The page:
Law enforcement leaders in Oregon announced today they will be joining with thousands of other law enforcement and highway agencies across the nation during the upcoming national crackdown on impaired driving,December 16 to January 3, 2010.
Drunk driving is one of America's deadliest crimes. In 2008, 11,773 peopledied in highway crashes involving a driver or motorcycle rider with ablood alcohol concentration (BAC) of .08 or higher. The picture for womenis particularly concerning. Twenty-one percent of the 5,473 female driverskilled in crashes in 2008 had BAC levels of .08 or higher.
In the past decade in Oregon, more than 2,000 individuals were killed andover 26,000 people were injured by drinking and drugged drivers."By working together toward a common goal of reducing the incidents ofdrinking and drugged driving, we will enjoy a safer roadway system,"Governor Ted Kulongoski wrote in proclaiming December as Drunk and Drugged Driving Awareness month.
"Our message is simple so there should be no excuses or exceptions: if you drive impaired you will be arrested," said Oregon State Police (OSP)Superintendent Timothy McLain."Drunk Driving. Over the Limit. Under Arrest." is the name of the national crackdown on impaired driving. It is a deterrence program organized bythe U.S. Department of Transportation's National Highway Traffic SafetyAdministration (NHTSA) that focuses on combining high-visibilityenforcement with heightened public awareness through advertising andpublicity.
"Driving with a BAC of .08 or higher is illegal in every state. Yet wecontinue to see far too many people suffer debilitating injuries and lossof their loved ones as a result of someone else's poor decision to drivewhile impaired. This careless disregard for human life must stop," saidTillamook County Sheriff Todd Anderson, President of the Oregon StateSheriff's Association (OSSA)."Drunk driving is simply not worth the risk. Not only do you risk killing yourself or someone else, but the trauma and financial costs of a crash oran arrest for impaired driving can be significant," said City of TheDalles Police Chief Jay Waterbury, who is also President of the OregonAssociation of Chiefs of Police (OACP). "Violators often face jail time,the loss of their driver's license, higher insurance rates, attorney fees,time away from work, and dozens of other expenses. So don't take thechance.
Remember, if you are over the limit, you are under arrest."Three important enforcement periods fall within the 19 day crackdownperiod:* "National Holiday Lifesaver Weekend" (12:01 a.m., Friday, December 18th,through 11:59 p.m., Sunday, December 20th). a public awareness effortconducted since 1991 the weekend preceding Christmas.* Christmas Holiday period (6:00 p.m., Wednesday, December 23rd, through11:59 p.m., Sunday, December 27th). During last years 102-hour Christmasholiday period, six people were killed in 6 separate Oregon traffic crashes. According to ODOT's Fatality Analysis Reporting System (FARS)statistics, during the last ten years over this holiday period an averageof 4 traffic deaths have occurred. OSP troopers arrested 50 DUII driversover the 2008 holiday period.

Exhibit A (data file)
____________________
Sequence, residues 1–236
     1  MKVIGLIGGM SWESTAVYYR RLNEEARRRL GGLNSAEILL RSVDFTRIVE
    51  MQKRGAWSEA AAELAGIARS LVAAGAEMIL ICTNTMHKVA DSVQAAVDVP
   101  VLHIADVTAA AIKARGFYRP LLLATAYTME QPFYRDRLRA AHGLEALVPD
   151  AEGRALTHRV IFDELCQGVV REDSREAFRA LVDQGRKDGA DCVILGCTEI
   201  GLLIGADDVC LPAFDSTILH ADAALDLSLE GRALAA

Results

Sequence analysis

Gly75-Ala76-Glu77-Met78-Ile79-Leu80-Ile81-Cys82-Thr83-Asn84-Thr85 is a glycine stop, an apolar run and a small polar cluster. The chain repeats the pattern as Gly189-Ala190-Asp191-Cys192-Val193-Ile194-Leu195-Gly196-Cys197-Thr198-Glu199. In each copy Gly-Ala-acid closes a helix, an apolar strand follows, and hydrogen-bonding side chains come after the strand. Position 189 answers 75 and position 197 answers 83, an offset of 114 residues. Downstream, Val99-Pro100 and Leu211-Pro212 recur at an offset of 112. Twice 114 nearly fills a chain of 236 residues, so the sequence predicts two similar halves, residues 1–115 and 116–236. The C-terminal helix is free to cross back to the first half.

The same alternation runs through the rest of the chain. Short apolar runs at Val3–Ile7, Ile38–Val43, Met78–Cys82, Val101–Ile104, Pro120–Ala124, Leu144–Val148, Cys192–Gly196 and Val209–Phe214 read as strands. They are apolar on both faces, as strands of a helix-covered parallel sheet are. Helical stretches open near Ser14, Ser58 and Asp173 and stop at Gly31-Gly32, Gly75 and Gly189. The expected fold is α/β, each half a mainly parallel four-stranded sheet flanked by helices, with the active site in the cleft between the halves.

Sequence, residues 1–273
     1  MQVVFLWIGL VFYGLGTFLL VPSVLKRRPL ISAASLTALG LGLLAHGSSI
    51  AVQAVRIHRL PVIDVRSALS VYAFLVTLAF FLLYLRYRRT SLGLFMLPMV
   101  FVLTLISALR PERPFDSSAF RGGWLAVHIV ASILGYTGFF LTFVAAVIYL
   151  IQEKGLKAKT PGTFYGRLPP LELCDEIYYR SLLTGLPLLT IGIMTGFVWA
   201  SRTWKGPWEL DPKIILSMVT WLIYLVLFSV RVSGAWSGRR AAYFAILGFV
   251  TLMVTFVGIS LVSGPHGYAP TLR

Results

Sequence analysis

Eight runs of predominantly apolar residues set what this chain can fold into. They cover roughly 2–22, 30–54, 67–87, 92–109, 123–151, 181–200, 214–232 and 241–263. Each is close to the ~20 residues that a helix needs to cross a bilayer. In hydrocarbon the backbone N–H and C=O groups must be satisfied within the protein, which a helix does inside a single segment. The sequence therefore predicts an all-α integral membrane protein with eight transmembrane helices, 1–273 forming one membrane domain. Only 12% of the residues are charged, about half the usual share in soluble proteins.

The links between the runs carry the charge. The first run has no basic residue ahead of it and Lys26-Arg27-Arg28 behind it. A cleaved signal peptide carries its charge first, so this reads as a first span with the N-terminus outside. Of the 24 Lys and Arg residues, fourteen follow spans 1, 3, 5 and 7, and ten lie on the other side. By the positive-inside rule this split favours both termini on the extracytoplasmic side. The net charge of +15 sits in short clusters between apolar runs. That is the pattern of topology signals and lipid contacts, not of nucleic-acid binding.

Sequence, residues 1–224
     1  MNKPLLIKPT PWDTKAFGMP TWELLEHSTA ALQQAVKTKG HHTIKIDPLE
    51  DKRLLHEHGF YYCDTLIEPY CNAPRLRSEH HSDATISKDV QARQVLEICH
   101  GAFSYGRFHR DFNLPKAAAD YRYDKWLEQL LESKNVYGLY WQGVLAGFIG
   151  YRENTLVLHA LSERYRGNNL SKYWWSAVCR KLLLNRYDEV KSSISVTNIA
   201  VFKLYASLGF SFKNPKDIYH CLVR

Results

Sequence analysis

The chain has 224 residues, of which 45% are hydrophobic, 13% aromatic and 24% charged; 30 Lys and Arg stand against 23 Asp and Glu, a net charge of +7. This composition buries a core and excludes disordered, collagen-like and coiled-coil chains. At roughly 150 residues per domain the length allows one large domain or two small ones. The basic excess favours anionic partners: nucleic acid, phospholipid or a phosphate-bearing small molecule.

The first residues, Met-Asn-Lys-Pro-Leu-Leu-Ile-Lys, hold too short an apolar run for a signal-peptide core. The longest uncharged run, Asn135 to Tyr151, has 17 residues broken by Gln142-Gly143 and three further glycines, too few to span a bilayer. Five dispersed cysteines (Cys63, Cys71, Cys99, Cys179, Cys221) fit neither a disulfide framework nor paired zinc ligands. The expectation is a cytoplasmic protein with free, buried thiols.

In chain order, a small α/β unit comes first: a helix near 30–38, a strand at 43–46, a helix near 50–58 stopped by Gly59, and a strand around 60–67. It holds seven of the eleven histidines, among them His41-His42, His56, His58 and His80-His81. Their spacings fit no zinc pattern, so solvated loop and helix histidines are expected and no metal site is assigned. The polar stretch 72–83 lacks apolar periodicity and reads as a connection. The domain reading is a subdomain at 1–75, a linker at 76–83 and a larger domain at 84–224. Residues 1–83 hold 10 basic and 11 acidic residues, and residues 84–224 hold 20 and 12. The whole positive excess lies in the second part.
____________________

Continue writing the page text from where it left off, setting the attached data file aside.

* New Year's Holiday period (6:00 p.m., Wednesday, December 30th, through11:59 p.m., Sunday, January 3rd, 2010). During last year's 102-hour NewYear's holiday period, seven people were killed in 5 separate Oregontraffic crashes. According to FARS statistics, during the last ten yearsover this holiday period an average of more than 5 traffic deaths haveoccurred. OSP troopers reported more than 50 DUII arrests over last year'sNew Year's holiday period.OSP, OSSA, OACP and ODOT urge holiday travelers to remember these tips:
* Don't drink and drive ("Buzzed driving is drunk driving"), and don'tride with anyone who has had too much to drink
.* Never use illegal drugs.* Volunteer to be a designated driver.
* If someone who's been drinking insists on driving, take his/her keys.
* If hosting a gathering, provide non-alcoholic beverages.
* Use public transit or local drive-home services provided by taxis andother companies.* Always use safety restraints.
* Avoid travel after midnight, especially on weekends or holidays.
* Drive defensively at all times.
* Report any suspected impaired driving by calling 1-800-24DRUNK(800-243-7865) or 9-1-
1.While traveling this holiday season, and every day of the year, look foremergency responders working along our roads. Remember Oregon's "MoveOver Law" has an important change effective January 1, 2010 that addsroadside assistance vehicles and tow vehicles to the list requiringmotorists to "maintain a safe distance". Motorists will be required to:
* Make a lane change to a lane not adjacent to that of an emergency vehicle, roadside assistance vehicle, tow vehicle or ambulance; or
* Reduce the speed of the motor vehicle to a speed that is at least 5miles per hour under the posted speed limit, if making a lane change is unsafe.
In addition to travel challenges faced with impaired drivers on our roads,travelers will also need to pay attention for unexpected changes withwinter-related road conditions. The "Oregon Winter Driving Guide",developed by the Governor's Transportation/Tourism Task Force, is ahelpful resource for motorists with information on Oregon's laws thatgovern use of tire chains, tips for driving in icy or snowy conditions,and a checklist of equipment for roadside emergencies.
The free guide is available at visitor information centers and conventionbureaus, welcome centers and information kiosks, Les Schwab Tire Centers,Department of Transportation offices, and from members of the OregonLodging Association. The guide is also available online at tripcheck.com,traveloregon.com, oregontic.com, and oregonlodging.com. A link is also available on the Oregon State Police web site.
For more information, visit www.Stopimpaireddriving.org.